Recently, this article popped up in the New York Times, reporting that teachers are up in arms over an initiative to put computers in the hands of every student. Additionally, students will be required to take online courses as part of their studies in high school.
From what I can tell, both sides are missing the point. The state legislature and school administrators are giving technology to students in order to prepare them for the 21st century workforce. Conversely, teachers are complaining that technology can’t replace good teaching. However, what educators and politicians in Idaho are missing is that without a change in instructional philosophies, nothing will change.
Technology alone cannot improve student learning. Because a student writes a paper on a word processing program or reads a newspaper article online does not mean that he will become a better learner. Specific and proven teaching methods must be applied to help facilitate that student’s learning. Only skilled teachers with the proper training can do this.
Teachers should also not be so afraid of technology, rather they should be thinking about how outdated teaching strategies do not work with technology. Instructional strategies from the 19th century do not work in the 21st century. Even those teachers employing progressive teaching strategies could very easily utilize technology to improve interactivity between students both in and out of the classroom.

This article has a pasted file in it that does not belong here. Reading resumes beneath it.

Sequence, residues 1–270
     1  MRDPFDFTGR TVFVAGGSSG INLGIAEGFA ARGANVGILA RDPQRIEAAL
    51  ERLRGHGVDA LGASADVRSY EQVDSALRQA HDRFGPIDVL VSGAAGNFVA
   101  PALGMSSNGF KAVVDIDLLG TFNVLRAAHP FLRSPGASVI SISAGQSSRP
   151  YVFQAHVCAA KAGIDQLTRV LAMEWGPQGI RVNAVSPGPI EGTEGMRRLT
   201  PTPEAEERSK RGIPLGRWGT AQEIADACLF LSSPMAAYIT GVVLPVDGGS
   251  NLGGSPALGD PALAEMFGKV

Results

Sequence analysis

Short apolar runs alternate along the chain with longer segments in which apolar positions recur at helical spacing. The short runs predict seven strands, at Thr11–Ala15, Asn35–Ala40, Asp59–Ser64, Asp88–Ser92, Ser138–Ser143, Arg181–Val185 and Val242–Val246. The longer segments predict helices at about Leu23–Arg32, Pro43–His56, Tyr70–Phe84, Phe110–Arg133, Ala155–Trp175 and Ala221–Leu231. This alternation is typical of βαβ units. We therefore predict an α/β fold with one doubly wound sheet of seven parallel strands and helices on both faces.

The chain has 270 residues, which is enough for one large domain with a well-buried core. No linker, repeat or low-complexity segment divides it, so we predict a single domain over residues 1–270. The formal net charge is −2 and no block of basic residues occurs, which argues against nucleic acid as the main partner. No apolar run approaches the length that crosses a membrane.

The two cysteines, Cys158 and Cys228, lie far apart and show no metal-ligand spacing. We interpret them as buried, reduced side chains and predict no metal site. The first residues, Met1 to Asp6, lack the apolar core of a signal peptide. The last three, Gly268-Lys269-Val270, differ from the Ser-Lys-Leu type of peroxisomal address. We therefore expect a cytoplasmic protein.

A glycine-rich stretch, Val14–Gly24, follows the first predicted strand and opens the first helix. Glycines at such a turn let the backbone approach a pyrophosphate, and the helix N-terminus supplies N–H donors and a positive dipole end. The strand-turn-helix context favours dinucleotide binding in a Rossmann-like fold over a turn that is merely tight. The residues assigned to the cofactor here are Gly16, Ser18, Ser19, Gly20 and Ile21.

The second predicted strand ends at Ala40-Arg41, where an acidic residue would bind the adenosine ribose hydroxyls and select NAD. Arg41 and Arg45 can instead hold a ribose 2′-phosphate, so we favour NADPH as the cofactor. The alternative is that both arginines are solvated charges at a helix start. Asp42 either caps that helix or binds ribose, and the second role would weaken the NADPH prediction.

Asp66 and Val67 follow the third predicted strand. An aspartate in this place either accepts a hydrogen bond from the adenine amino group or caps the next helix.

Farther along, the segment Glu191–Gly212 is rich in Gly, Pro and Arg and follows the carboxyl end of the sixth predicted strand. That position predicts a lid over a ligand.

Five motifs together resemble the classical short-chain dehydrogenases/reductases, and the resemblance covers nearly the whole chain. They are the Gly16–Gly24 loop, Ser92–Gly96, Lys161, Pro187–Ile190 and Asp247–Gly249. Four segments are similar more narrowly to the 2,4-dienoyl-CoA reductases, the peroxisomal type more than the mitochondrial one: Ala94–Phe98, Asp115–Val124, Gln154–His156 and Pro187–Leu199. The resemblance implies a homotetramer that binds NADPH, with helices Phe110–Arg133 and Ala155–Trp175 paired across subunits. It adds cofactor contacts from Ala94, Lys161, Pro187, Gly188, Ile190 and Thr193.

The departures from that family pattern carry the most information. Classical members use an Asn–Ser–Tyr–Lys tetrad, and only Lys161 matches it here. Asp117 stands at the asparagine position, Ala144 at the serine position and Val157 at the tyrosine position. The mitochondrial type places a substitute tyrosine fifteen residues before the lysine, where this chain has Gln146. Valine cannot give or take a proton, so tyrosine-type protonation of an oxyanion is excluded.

The problem lies in the limitations put on technology. Technology is neither the sole answer nor the only obstacle for reaching the 21st century student. Sound pedagogy that promote student-centered learning works best with technology and builds creativity and critical thinking skills.
Too much of the focus in Idaho is on the technology and the teaching instead of the learning. Students learn differently than they did twenty years ago. They are digital natives who long for instant access to information and the ability to converse with their peers. Of course, they still rely on the steady hand of a teacher who can guide them through their learning experiences. These teachers just need training in methods that can make this all possible.
Granted, as an eMINTS Instructional Specialist, I am biased. However, if we look at the kind of professional development eMINTS offers, one will notice that only one-fourth is technology-focused. The rest of our time is spent bringing teaching methodology up to the 21st century. Plus, unlike the mandates in Idaho, we have the data to back it up.
There are ways that Idaho could solve this issue. It may take politicians and policy-makers recognizing the importance of providing good teachers the support and training they need to make this technology initiative work. It may also require teachers to adjust their own teaching strategies to incorporate technology and embrace the many advantages it can provide. I worry that this debate will carry on without improved student learning resulting from their efforts.
Zac Early is an instructional specialist and blogger for the eMINTS National Center and he believes in the eMINTS instructional model and what it can do for student learning.